Wooh! We are so very close to having enough math under our belts to return to physics, where it is MUCH easier for me to make penis jokes.

**The Velocity Problem**

Imagine I’m driving away from your sister’s apartment. My speed leaving isn’t constant. I leave slowly at first in all-electric mode so she won’t hear. Once I’m out of earshot, I switch to traditional engine and gun it. So, the graph that would describe my speed would vary over time. Very likely, it’d start slow then get faster and faster.

Now, say you want to know my speed at a particular point. That speed at a particular point is called “instantaneous velocity,” which we discussed a little back here. Let’s also say for simplicity’s sake that we have a simple equation:

, where p is position and t is time.

So, at zero minutes, I’m at your sister’s house. At 1 minute, I’m 10 meters away away. At 10 minutes, I’m 1 km away, etc.

Say you want to know my speed at a particular time. One way you can do this is by picking two points, as we did in the last segment, and making a right triangle with them. The slope of the hypotenuse will give you my change in position (p) over my change in time (t). Well, what’s change in position over time? It’s velocity!

But, you may notice a slight problem. You’re still not getting my velocity at a particular point. You’re getting how much it changed from one point to another. Obviously this could create problems. For example, say you were looking at y=sin(x) and the two points you picked were a trough and a crest. It’d look like I was leaving your sister’s house, when in fact I was leaving then returning then leaving then returning.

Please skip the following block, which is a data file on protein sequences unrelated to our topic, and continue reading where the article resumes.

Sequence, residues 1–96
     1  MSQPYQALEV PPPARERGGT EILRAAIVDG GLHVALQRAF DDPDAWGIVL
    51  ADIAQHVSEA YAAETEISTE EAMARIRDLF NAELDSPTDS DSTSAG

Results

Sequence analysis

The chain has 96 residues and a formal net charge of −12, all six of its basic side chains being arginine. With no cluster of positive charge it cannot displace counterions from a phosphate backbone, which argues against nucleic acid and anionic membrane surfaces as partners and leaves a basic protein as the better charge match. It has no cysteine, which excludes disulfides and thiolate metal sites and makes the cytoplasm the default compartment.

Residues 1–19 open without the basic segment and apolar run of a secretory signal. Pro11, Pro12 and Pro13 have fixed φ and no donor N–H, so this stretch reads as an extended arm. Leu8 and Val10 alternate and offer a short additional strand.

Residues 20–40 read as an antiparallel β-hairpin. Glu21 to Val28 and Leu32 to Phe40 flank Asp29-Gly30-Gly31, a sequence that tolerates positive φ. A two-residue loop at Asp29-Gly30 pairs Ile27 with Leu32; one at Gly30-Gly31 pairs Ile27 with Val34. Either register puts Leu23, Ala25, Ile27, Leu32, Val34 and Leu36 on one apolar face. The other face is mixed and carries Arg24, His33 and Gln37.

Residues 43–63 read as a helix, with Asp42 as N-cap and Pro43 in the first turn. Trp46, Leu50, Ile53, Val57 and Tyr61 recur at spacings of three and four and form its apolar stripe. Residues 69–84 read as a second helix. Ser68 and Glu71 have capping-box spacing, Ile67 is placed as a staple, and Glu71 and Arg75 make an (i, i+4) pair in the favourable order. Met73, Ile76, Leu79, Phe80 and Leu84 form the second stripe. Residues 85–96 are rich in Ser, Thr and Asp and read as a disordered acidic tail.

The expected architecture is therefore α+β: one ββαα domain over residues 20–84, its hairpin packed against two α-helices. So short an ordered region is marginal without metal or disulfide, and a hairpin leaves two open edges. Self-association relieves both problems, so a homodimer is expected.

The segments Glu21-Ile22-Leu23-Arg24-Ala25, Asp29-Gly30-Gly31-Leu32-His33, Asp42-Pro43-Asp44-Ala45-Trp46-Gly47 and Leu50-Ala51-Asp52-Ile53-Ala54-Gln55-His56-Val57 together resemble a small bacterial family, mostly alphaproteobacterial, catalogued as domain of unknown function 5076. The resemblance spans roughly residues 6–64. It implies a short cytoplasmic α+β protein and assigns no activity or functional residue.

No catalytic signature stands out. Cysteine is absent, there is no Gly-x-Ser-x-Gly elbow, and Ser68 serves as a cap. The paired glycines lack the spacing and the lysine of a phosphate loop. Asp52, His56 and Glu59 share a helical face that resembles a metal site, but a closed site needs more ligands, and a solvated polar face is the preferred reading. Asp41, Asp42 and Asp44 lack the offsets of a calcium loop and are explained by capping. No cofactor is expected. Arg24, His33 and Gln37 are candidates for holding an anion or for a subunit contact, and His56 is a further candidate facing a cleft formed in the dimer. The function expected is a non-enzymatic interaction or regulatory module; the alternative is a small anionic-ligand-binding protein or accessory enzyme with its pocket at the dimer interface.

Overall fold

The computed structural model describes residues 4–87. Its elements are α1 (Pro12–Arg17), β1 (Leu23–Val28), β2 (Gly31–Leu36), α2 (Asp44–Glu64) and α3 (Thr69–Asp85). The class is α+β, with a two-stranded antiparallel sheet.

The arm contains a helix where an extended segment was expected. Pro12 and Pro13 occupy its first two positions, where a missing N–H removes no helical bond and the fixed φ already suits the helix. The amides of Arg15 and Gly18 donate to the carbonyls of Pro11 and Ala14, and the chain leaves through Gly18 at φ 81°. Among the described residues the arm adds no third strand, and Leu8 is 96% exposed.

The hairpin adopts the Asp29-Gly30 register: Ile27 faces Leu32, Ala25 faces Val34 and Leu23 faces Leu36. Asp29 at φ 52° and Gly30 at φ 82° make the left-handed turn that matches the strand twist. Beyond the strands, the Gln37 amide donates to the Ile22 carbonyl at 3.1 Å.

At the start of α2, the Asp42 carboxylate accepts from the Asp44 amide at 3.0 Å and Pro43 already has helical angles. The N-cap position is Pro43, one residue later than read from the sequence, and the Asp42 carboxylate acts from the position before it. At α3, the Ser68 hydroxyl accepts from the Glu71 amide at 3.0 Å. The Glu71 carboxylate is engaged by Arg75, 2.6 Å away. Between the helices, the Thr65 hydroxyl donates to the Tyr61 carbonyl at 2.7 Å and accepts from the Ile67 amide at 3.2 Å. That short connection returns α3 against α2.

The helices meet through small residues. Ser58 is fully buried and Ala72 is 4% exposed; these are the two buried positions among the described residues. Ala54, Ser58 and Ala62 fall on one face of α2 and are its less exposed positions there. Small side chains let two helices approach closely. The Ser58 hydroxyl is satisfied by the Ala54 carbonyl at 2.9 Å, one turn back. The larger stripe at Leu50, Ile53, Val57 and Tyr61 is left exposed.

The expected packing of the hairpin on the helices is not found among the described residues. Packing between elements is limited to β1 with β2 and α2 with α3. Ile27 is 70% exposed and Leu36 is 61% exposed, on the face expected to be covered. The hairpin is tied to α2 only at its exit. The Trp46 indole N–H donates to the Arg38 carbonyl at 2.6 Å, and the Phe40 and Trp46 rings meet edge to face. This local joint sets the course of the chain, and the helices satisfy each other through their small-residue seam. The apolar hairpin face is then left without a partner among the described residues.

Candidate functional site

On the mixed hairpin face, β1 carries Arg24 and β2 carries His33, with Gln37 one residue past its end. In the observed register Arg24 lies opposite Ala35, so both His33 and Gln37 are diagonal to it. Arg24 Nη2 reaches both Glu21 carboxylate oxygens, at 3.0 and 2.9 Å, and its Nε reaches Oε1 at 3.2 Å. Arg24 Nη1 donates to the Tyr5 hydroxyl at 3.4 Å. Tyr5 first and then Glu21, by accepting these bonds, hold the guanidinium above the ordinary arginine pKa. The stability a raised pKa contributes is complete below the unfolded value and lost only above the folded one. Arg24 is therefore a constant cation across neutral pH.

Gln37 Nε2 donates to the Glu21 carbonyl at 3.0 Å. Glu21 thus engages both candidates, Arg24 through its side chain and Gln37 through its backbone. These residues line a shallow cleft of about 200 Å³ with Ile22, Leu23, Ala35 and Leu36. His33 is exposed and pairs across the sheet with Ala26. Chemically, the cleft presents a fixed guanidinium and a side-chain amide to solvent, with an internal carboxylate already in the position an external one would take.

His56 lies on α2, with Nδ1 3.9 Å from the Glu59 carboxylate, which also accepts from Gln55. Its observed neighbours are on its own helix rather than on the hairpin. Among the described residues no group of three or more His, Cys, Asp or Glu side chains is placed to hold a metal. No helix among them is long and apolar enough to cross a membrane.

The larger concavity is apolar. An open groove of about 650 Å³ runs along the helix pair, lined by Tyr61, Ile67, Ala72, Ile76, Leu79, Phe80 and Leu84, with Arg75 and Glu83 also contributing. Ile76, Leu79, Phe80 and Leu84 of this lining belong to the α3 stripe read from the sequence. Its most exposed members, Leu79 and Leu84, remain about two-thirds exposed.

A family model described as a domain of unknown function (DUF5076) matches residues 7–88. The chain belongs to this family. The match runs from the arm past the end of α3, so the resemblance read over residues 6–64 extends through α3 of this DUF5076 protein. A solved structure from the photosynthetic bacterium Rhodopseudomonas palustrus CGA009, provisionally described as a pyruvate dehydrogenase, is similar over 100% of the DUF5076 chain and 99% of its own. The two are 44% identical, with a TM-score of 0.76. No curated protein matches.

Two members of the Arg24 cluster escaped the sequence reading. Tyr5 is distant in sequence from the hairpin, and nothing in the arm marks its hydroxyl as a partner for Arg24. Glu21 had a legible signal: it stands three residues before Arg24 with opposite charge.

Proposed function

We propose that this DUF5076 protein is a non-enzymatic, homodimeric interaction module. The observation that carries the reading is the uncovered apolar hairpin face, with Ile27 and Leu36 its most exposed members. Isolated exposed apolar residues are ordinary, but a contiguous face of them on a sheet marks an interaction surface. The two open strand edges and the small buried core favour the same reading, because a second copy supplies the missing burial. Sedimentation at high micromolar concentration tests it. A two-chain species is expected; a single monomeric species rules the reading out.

So what you could do is bring the points closer and closer to each other. No matter where you started, as you move one point closer to the other, you get a more and more accurate picture of my speed at a particular time.

Let’s make this all mathy. For points A and B.

Simply put: the average velocity over the time between A and B is given by the quotient of the difference in position (y axis) and time (x axis).

Now, similar to what we did in the last section, imagine you move B slowly closer and closer to A. In this case, let’s say A happens when x = 5. If you draw or plot that curve and move closer, you’ll notice that slope steadily approaches 100. That is, it really looks like the actual velocity at exactly 5 minutes is 100 mph. That value is the instantaneous velocity. It’s your speed at a particular point in time (an instant!), as opposed to a span of time.

Hopefully you’re getting a sense of what calc allows you to do now. Before calc, all you can do is get the average velocity. Using the methods in this and the last blog, you should see that you can get a lot more data from the same equation if you know the magic of Calculus. We’re only 6 sections from the apparently dreaded Derivative. That’s when things are gonna get really crazy.

Until next time!